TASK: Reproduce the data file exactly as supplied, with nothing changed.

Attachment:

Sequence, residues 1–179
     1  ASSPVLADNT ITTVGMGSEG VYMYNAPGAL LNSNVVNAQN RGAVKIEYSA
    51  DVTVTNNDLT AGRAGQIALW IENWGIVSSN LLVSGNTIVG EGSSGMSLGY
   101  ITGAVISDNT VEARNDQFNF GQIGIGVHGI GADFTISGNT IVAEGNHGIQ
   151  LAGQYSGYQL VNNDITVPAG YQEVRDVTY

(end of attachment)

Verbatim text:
Sequence, residues 1–179
     1  ASSPVLADNT ITTVGMGSEG VYMYNAPGAL LNSNVVNAQN RGAVKIEYSA
    51  DVTVTNNDLT AGRAGQIALW IENWGIVSSN LLVSGNTIVG EGSSGMSLGY
   101  ITGAVISDNT VEARNDQFNF GQIGIGVHGI GADFTISGNT IVAEGNHGIQ
   151  LAGQYSGYQL VNNDITVPAG YQEVRDVTY